The latest issue of the NFIB Small Business Economic Trends came out this morning. The headline number for December came in at 95.9, down 5.5 from the previous month. The index is at the 28th percentile in this series.

Here is an excerpt from the opening summary of the news release.

The NFIB Small Business Optimism Index declined 5.5 points in December to 95.9, falling below the average Index value since 1973 of 98. Nine of the 10 Index components declined and only one improved. Owners expecting better business conditions over the next six months declined 24 points to a net negative 16%.

“This month’s drop in small business optimism is historically very large and most of the decline was due to the outlook of sales and business conditions in 2021,” said NFIB Chief Economist Bill Dunkelberg. “Small businesses are concerned about potential new economic policy in the new administration and the increased spread of COVID-19 that is causing renewed government-mandated business closures across the nation.”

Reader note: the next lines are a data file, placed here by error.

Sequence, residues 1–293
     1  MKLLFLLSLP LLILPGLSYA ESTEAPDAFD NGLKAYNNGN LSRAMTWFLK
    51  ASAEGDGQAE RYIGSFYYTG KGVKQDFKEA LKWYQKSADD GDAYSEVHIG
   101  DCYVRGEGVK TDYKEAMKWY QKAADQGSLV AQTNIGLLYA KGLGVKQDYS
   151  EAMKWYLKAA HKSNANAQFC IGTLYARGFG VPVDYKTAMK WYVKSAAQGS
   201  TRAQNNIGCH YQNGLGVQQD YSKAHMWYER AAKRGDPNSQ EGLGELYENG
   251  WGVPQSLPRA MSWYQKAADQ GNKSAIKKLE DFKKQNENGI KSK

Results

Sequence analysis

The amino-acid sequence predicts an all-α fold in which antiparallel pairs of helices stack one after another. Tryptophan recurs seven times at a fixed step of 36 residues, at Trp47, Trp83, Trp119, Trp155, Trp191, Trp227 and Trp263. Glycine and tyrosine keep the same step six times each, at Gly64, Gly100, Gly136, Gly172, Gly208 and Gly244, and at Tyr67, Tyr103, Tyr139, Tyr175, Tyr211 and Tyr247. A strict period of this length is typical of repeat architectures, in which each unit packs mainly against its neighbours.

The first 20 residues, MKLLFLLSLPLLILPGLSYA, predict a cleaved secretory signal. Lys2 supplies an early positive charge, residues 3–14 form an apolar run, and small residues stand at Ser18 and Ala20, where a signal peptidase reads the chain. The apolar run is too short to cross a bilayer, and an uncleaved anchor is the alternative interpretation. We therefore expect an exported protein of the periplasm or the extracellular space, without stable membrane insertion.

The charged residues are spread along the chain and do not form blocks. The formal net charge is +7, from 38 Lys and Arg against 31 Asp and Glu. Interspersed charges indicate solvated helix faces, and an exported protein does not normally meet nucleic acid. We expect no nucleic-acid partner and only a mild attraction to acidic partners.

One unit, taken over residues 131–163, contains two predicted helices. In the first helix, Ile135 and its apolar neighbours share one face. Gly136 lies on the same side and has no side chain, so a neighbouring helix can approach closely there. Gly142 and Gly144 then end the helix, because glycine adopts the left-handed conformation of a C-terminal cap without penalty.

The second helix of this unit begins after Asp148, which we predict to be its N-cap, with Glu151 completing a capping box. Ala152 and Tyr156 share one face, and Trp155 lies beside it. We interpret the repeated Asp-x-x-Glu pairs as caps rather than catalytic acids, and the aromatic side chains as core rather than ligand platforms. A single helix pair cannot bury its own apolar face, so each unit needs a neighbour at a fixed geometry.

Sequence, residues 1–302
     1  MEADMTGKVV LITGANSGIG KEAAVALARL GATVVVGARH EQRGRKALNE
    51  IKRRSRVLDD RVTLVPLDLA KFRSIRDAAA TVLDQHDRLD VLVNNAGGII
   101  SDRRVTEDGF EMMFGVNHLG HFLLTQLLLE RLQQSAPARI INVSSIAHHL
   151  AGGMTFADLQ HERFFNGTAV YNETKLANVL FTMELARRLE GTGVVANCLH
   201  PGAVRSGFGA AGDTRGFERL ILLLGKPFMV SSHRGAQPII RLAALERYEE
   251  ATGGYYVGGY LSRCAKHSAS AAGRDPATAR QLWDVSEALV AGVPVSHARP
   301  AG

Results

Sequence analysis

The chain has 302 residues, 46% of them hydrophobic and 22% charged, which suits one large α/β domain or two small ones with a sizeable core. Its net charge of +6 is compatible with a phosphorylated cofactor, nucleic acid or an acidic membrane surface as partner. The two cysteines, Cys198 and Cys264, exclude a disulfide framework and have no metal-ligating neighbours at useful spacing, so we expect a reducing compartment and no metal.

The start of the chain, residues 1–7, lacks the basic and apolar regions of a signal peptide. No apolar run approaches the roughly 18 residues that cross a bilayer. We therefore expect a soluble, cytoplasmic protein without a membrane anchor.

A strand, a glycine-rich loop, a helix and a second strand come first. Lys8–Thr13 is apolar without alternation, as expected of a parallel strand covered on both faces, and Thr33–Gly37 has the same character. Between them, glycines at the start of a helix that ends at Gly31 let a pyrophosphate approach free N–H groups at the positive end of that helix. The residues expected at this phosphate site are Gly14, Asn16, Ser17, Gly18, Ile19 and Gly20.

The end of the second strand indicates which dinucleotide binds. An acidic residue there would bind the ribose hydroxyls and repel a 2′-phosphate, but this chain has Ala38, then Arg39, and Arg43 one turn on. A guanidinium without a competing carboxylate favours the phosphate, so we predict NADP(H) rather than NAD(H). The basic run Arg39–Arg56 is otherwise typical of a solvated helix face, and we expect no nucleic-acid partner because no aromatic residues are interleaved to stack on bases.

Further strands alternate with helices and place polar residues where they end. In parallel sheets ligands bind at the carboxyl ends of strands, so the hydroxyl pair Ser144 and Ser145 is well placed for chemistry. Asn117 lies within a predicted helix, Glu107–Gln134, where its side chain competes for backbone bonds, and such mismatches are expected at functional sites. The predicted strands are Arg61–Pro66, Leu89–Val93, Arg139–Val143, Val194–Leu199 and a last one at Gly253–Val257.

The first chart below highlights the 1986 baseline level of 100 and includes some labels to help us visualize that dramatic change in small-business sentiment that accompanied the Great Financial Crisis and now the COVID-19 pandemic. Compare, for example, the relative resilience of the index during the 2000-2003 collapse of the Tech Bubble with the far weaker readings following the Great Recession that ended in June 2009 and today's figures.

NFIB Optimism Index

Here is a closer look at the indicator since the turn of the century.

NFIB Optimism Index Since 2000

The average monthly change in this indicator is 1.3 points. To smooth out the noise of volatility, here is a 3-month moving average of the Optimism Index along with the monthly values, shown as dots.

NFIB Optimism Index Moving Average